third of the day. The HESSI team has enlisted the help of radio antennas
in Europe and the eastern United States to download data during very
active periods when several large flares may fill the onboard memory
before it can be emptied during the Berkeley passes. The team hopes to
detect upwards of a hundred gamma-ray flares, more than a thousand X-ray
flares, and perhaps 10,000 microflares during the two- to three-year
duration of the mission.

Lin and his scientific team will compare the X-ray and gamma-ray images
from HESSI with pictures from other solar observing satellites at different
wavelengths to probe the mechanism of flare formation. The data will be
made freely available online within hours of receipt at the ground station.


Solar flares, the most powerful explosions in the solar system, typically
are associated with sunspots in “active regions” of strong magnetic field
in the solar atmosphere. Sunspots form where the sun’s magnetic field
lines arc out of the surface in bright loops, and flare explosions seem
to emanate from these loops.

One possible explanation for solar flares dates from the 1950s and involves
magnetic reconnection. As the sun’s strong magnetic field lines reach out
into space they sometimes cross or reconnect within the corona or atmosphere
of the sun. In seconds, the short circuit heats the gas to tens of millions
of degrees, and perhaps as high as 100 million Kelvin, accelerating
electrons and protons to speeds approaching the speed of light. The
electrons and protons slamming into gas particles, mostly hydrogen, in the
lower corona and chromosphere produce X-rays and gamma-rays, respectively.

While microflares last for seconds, larger flares may emit X-rays for tens
of minutes and remain visible for hours. The large ones extend for as much
as 100,000 km above the solar surface, nearly 10 times the diameter of the

Most of what scientists know about flares has come from ground-based
observations at visible and radio wavelengths and from instruments aboard
Skylab, the Solar Maximum Mission, the Japanese/U.S. Yohkoh spacecraft and
other spacecraft. X-rays have been recorded from flares for more than 30

HESSI will have the finest angular and spectral resolution of any hard
X-ray or gamma-ray instrument flown in space, providing scientists with
the first high fidelity color movies of flares in their highest energy
emissions. The data will help scientists pinpoint where and how flares


HESSI is the first Small Explorer (SMEX) spacecraft to be managed in a
way that gives the principal investigator — in this case, Robert P. Lin,
director of UC Berkeley’s Space Sciences Laboratory — responsibility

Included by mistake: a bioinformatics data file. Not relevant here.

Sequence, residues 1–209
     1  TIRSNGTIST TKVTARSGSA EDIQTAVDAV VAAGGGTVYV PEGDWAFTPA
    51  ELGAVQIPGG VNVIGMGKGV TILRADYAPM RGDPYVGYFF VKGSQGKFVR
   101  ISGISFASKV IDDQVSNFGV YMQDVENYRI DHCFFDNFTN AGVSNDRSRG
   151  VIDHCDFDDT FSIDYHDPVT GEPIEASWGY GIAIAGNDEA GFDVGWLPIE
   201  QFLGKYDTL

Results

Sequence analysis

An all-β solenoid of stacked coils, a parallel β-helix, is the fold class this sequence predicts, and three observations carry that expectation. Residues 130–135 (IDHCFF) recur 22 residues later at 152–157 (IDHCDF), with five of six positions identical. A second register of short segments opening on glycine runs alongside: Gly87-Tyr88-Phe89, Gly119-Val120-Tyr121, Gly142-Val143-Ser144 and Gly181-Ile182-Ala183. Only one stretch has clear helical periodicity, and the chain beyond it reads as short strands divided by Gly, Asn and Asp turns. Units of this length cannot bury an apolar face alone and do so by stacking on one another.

for most aspects of the mission. This includes not only the scientific
instrument but also the spacecraft, integration, all environmental
testing, and operations and data analysis after launch. The Explorers
Program Office at Goddard provides management and technical oversight
for the HESSI mission under the direction of the Office of Space Science
at NASA headquarters in Washington, D.C.

Other mission facts:

* UC Berkeley scientists built the spectrometer with its germanium
detectors and data processing electronics.

* The Paul Scherrer Institut in Switzerland provided the imaging telescope
and optical aspect system.

* Goddard Space Flight Center provided the grids and the cryocooler and
supported the alignment of the imaging telescope.

* Spectrum Astro Inc., of Phoenix, Ariz., provided the spacecraft
electronics, the satellite skeleton (called the spacecraft bus) and
integration support.

* Tecomet, a subsidiary of Thermo Electron, Inc., Waltham, Mass., and van
Beek Consultancy of the Netherlands, supplied the tungsten and molybdenum
imaging grids for the instrument. Tecomet used new microfabrication
techniques to create slits in the grids as narrow as 20 microns — less
than one thousandth of an inch.

* The ORTEC division of PerkinElmer Instruments provided the largest and
most advanced array of germanium detectors ever flown in space. The nine
germanium crystals, one under each pair of grids, were artificially grown
to be pure to over one part in a trillion. They are maintained at a
temperature of -324 degrees Fahrenheit (-198 Celsius) using a new type
of mechanical cooler manufactured by Sunpower, Inc., that has never
before been flown in space.

NOTE: Robert Lin can be reached at (510) 642-1149 or
boblin@ssl.berkeley.edu . Brian Dennis can be reached at the Laboratory
for Astronomy and Solar Physics, Goddard Space Flight Center, (301)286-7983
or at Brian.R.Dennis.1@gsfc.nasa.gov .

Video is available both from NASA and UC Berkeley. The NASA video file
includes HESSI spacecraft animation, footage of spacecraft testing at JPL
and the imager assembly at the Paul Scherrer Institut, plus interviews with
Lin and Dennis. Also included are solar max and solar flare images captured
by the Solar and Heliospheric Observatory (SOHO) spacecraft. UC Berkeley
has video interviews of Lin and fellow scientists Peter Harvey and Manfred

Images of a flare that occurred last year on Bastille Day (7/14/00) are at